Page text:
In her day my mother had been the great beauty not just of this town but was of renown in the neighbouring towns and villages besides. Many had come to my grandfather’s compound seeking to have her hand, others had come to simply see for themselves if her famed looks were worthy of all the talk, those she had rejected had gone away and spread tales of her being a mermaid or some sort of seductive spirit. But none of these stories had dented the fervour with which she was sought. Then my father, a wealthy landowner’s son who was also the wrestling champion in his village had come along; what he lacked in looks and intelligence he made up for in wealth and dedication. My mother saw he would give her a comfortable life and had accepted his proposal.

It was my older brothers and sisters who had told me this tale of my parents’ courtship although I had come to my own conclusions about why my mother had accepted my father. Observing them as a couple it was plain to see she ruled our household unchallenged.

The strangest thing was that although she detested me with such ferocity she would also not allow me to be too far away, where I did my best to stay out of sight I would hear her enquiring as to my whereabouts, anything further than the next room was unacceptable. I did not go to school like my other siblings, instead a tutor came to the house and she sat in on every lesson. On the rare occasion that I got an answer wrong I would feel her bristling in the corner. One afternoon I overheard the tutor insisting that she put me in school at an advanced level, when his insistences became too frequent she sacked him and found another tutor, a former lecturer at the local university.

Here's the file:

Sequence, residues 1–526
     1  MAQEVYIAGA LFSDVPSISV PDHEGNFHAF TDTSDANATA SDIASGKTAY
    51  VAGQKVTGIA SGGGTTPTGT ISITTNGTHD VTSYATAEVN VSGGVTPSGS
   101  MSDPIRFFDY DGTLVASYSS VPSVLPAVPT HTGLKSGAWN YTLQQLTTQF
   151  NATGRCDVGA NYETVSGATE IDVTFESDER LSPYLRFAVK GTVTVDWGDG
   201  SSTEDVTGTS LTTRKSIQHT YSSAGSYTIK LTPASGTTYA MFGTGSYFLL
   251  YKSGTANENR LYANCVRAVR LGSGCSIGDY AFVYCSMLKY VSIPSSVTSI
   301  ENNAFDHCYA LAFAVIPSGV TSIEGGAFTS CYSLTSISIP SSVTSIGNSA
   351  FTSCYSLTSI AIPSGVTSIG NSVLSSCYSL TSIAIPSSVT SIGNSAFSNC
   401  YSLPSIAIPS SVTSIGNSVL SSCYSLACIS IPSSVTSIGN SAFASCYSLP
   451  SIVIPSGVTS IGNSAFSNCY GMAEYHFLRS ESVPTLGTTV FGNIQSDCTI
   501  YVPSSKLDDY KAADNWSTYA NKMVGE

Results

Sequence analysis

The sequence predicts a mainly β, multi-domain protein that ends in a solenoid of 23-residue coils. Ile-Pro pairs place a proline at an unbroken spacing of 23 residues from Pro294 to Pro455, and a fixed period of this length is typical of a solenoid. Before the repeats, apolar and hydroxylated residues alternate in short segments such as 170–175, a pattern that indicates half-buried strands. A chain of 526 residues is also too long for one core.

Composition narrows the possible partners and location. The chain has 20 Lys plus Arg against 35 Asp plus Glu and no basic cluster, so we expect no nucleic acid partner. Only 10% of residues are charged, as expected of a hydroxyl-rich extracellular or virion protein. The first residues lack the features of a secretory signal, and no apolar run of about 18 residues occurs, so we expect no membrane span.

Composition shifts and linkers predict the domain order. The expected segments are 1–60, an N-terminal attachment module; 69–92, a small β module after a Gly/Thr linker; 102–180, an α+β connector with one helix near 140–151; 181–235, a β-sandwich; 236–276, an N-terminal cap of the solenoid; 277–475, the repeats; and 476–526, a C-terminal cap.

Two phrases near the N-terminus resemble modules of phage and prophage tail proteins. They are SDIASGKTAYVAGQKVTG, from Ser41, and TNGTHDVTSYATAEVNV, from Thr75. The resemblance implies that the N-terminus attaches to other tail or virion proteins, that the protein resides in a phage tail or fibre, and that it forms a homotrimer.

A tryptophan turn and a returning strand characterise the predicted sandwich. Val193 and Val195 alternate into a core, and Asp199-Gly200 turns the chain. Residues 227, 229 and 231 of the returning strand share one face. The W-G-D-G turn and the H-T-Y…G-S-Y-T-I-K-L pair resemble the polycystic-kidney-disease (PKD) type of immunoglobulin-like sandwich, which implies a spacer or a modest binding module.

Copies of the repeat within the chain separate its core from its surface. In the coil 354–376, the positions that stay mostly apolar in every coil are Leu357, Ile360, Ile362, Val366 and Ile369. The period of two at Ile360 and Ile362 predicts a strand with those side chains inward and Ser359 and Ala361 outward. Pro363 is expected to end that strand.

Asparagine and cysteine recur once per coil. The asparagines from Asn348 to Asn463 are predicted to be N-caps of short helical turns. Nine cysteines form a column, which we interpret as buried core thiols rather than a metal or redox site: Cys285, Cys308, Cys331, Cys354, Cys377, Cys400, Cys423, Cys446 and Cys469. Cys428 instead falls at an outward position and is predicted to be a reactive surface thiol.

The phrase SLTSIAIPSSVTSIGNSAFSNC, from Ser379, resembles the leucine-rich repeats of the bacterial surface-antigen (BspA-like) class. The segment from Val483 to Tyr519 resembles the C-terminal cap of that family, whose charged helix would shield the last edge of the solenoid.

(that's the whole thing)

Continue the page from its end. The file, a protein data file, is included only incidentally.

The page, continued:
The first time this man had come to the house and was introduced to me he had stared hard at me, his eyes opening wide in alarm? Recognition or confusion, I could not tell. Then he had looked at my mother, she gave him one of her imperious glares, even after seven children her looks could still bring men to heel.

“We are paying you by the hour Mr Oyelowo,” she said in a cold voice. He quickly shook himself out of whatever stupor he had been in and set to readying himself for the lesson. It did not pass my notice the way he would surreptitiously glance from me to my mother sitting on her cushioned armchair in the corner. After two more lessons Mr Oyelowo was replaced by another university lecturer but this one was from an institution in the east.
Early one morning, three days before my fifteenth birthday somebody came to the house, it had been nearly three months since Mr Oyelowo had been replaced. My father was at a conference in Abuja, only three of us remained at home as the rest of my brothers and sisters had either married or were studying abroad.

“THEN YOU MUST KNOW THE PAIN OF LOSS AS I HAVE!” I heard my mother shriek in a voice so twisted with anguish it jolted my mind to consciousness from my restless slumber. I heard a man’s voice, deep and rumbling like the sound of distant thunder.

“No!” I heard my mother yell, “What you turned your back on has disappeared from your sight and can never reappear!” I was beside myself with curiosity as to who it was that had shaken my mother out of her long established composure. I jumped out of bed and snuck to the top of the staircase, my two sisters and brother were there already and they all looked at me with strange eyes, as though I had woken up with a different face. From my position I could not see the man but could make out that he was tall and dark-skinned, he wore a buba and sokoto with easy elegance, his voice as he spoke had a soothing timbre, I could see my mother quite clearly, she looked half-wild and half desperate. She appeared to be fighting an internal battle between scratching the man’s eyes out and pulling him into an embrace. In her indecision her eyes caught mine and she gasped. The man followed the direction of her gaze, and when I saw his face and the liquid longing in his eyes it all became suddenly very clear.